Content: “THE EGG AND THE SPERM: HOW SCIENCE HAS CONSTRUCTED A ROMANCE BASED ON STEREOTYPICAL MALE-FEMALE ROLES”

Page 1, Highlight (Cyan):
Content: “EMILY MARTIN”

Page 1, Highlight (Cyan):
Content: “As an anthropologist, I am intrigued by the possibility that culture shapes how biological scientists describe what they discover about”

Page 1, Underline (Magenta):
Content: “As an anthropologist, I am intrigued by the possibility that culture shapes how biological scientists describe what they discover about”

Page 1, Note (Orange):
Girl same

Page 1, Highlight (Cyan):
Content: “the natural world.”

Page 1, Underline (Magenta):
Content: “the natural world.”

Page 1, Highlight (Cyan):
Content: “In the course of my research I realized that the picture oegg and sperm drawn in popular as well as scientific accounts oreproductive biology relies on stereotypes central to our culturaldefinitions of male and female. “

Page 1, Highlight (Cyan):
Content: “The stereotypes imply not only that”

Page 2, Highlight (Cyan):
Content: “female biological processes are less worthy than their male counter­ parts but also that women are less worthy than men.”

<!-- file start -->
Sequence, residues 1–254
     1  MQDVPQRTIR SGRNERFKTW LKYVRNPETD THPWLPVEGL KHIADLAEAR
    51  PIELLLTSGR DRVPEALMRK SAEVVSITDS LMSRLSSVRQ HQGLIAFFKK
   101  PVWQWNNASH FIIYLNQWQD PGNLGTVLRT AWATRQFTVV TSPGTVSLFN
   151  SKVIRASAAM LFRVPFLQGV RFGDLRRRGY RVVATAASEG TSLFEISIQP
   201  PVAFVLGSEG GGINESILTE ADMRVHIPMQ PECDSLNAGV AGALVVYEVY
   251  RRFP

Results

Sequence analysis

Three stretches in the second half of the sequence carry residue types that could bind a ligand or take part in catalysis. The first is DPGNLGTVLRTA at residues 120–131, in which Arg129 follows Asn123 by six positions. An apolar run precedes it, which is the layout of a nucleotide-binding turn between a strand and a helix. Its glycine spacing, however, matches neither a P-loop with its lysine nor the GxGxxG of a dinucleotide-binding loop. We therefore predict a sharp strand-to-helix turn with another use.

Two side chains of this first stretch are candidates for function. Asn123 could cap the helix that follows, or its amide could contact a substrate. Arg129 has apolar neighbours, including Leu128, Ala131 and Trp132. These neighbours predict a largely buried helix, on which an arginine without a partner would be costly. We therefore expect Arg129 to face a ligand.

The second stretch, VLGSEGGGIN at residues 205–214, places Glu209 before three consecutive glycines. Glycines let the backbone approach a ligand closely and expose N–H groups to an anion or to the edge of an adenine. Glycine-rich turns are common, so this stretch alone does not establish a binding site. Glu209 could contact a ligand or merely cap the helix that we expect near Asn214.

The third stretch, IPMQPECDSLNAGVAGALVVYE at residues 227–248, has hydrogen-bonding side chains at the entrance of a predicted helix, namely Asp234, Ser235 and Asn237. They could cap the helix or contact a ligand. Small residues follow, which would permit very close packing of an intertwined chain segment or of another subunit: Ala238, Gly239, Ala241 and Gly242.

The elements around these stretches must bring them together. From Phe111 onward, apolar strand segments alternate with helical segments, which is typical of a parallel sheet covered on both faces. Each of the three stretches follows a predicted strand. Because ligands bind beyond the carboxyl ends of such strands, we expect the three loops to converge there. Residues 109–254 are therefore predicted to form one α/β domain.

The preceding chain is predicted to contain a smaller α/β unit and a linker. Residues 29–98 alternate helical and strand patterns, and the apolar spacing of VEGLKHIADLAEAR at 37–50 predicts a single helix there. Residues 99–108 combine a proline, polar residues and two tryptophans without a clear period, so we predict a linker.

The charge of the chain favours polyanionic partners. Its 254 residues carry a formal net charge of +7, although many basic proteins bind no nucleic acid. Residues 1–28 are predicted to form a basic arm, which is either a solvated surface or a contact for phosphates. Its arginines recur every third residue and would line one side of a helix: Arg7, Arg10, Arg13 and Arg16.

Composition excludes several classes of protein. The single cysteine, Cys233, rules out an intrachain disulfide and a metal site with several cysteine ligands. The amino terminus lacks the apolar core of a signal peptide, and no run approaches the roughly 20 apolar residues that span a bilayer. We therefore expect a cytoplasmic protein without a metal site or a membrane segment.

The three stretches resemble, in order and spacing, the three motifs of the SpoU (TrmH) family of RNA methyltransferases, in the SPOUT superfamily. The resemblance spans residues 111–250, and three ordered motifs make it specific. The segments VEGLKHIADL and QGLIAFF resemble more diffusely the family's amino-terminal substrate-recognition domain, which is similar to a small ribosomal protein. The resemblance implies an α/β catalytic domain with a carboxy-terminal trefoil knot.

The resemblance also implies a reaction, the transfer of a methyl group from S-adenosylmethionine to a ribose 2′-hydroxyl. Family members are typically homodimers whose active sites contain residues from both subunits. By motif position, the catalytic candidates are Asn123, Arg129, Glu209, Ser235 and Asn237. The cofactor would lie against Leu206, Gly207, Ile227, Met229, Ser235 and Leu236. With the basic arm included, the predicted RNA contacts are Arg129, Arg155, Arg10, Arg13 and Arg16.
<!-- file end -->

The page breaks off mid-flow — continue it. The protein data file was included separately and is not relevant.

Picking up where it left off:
Page 2, Highlight (Cyan):
Content: “parts but also that women are less worthy than men. Part of my goal in writing this article is to shine a bright light on the gender stereotypes hidden within the scientific language of biology.”

Page 2, Underline (Blue):
Content: ” Part of my goal inwriting this article is to shine a bright light on the gender stereotypes hidden within the scientific language of biology. “

Page 2, Highlight (Cyan):
Content: “Egg and sperm: A scientific fairy tale”

Page 2, Highlight (Cyan):
Content: “In the case ofcycle is described as being designed to produce eggs and prepare a suitable place for them to be. fertilized and grown-all to the end of making babies. But the enthusiasm ends there. “

Page 2, Underline (Blue):
Content: “In the case of as being designed to produce eggs and prepare a suitable place for them to be. fertilized and grown-all to the end of making babies.”

Page 2, Highlight (Cyan):
Content: “women, the monthly cycle”

Page 2, Underline (Blue):
Content: “women, the monthly cycle is described as b”

Page 2, Highlight (Cyan):
Content: “By extolling the female cycle as a productive enterprise,menstruation must necessarily be viewed as a failure. “

Page 2, Highlight (Cyan):
Content: “ve enterprise, menstruation must necessarily be viewed as a failure. Medical textsdescribe menstruation as the “debris” of the uterine lining, the result of necrosis, or death of tissue. “

Page 2, Underline (Blue):
Content: “By extolling the female cycle as a productive enterprise, menstruation must necessarily be viewed as a failure.”

Page 2, Highlight (Cyan):
Content: “The descriptions imply that asystem has gone awry, making products of no use, not to specifica­tion, unsalable, wasted, scrap. “

Page 2, Highlight (Cyan):